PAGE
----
How proper file, malware, and memory forensics techniques were able to catch the ModifiedElephant threat actor planting incriminating evidence on defendants’ computers in India.
Disclaimer: The views, methods, and opinions expressed at Anchored Narratives are the author’s and do not necessarily reflect my employer’s official policy or position.
I agreed in late 2022 to independently review a new digital forensics report from Arsenal Consulting (hereafter: Arsenal), which was still under embargo. Niha Masih, an award-winning reporter with The Washington Post, reached out to me in early December and explained that she had written a series of articles (based on Arsenal reports) about Indian activists in the “Bhima Koregaon” case who were hacked and had evidence planted on their devices before their arrests. Niha asked if I would be able to validate Arsenal’s work.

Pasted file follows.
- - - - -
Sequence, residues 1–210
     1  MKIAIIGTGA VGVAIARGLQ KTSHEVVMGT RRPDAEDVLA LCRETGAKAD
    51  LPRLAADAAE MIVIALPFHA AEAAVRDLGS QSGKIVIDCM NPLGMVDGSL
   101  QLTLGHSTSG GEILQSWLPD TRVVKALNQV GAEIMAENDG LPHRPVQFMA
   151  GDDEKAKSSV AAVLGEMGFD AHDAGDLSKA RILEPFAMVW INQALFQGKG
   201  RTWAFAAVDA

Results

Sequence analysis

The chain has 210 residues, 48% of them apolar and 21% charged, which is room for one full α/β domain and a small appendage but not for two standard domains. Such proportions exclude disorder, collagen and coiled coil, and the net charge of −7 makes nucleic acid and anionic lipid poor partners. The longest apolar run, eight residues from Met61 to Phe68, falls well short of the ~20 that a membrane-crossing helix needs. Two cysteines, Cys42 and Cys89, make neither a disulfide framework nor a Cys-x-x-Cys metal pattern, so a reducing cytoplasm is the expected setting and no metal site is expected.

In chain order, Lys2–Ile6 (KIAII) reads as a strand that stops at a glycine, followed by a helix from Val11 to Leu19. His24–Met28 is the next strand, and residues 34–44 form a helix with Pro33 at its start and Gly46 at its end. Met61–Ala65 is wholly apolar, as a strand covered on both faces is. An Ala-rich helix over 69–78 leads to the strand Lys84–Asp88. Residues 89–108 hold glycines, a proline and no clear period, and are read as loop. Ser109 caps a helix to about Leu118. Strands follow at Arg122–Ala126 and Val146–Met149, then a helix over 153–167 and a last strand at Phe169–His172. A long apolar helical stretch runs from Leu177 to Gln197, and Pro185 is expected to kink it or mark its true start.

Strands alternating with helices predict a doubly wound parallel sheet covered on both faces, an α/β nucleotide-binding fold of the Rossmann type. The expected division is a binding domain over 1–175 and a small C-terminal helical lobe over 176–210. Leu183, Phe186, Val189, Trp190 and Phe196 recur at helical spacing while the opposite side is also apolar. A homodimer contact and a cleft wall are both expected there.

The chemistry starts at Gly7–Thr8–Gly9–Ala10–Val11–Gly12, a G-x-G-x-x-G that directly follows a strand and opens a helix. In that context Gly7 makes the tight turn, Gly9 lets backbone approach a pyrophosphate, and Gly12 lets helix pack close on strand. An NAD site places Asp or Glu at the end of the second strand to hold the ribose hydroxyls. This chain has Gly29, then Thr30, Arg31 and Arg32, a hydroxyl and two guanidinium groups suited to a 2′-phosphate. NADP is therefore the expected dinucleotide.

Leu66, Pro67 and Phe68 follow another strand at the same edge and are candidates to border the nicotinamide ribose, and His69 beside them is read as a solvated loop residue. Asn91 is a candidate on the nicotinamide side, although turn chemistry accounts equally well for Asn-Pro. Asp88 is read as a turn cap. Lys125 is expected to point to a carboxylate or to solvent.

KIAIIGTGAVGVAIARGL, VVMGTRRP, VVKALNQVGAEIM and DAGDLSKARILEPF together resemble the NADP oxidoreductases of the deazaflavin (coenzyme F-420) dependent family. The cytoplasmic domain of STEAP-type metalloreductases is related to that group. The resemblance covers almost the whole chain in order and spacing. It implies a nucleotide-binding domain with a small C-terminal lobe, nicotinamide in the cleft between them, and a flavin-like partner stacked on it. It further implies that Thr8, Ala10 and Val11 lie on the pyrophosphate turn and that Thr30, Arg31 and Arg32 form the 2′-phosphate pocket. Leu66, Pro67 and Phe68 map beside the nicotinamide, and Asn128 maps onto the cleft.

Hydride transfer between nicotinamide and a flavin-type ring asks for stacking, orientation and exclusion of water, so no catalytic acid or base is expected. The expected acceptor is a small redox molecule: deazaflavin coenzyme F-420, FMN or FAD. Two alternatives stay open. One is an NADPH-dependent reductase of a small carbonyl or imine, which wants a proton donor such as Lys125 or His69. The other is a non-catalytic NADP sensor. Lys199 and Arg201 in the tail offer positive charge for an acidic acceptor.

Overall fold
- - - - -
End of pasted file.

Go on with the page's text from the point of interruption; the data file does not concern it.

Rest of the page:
The new report from Arsenal (Report V) involved the examination of a forensic image (copy) of the hard drive of one of the defendants, Mr. Stanislaus Lourduswamy (hereafter: Swamy). The 84-year Jesuit priest, unfortunately, died in 2021 while still in the custody of Indian authorities.
The digital forensics report involved a lot of technical details on how information was reconstructed during Arsenal’s investigation, which included memory artifacts that were recovered from the hibernation file (hiberfil.sys) of Mr. Swamy’s computer. As the report contained many technical details regarding memory forensic artifacts, which are not commonly investigated in this type of legal case involving digital forensics, my involvement made sense as I investigate memory images in my full-time job at Volexity.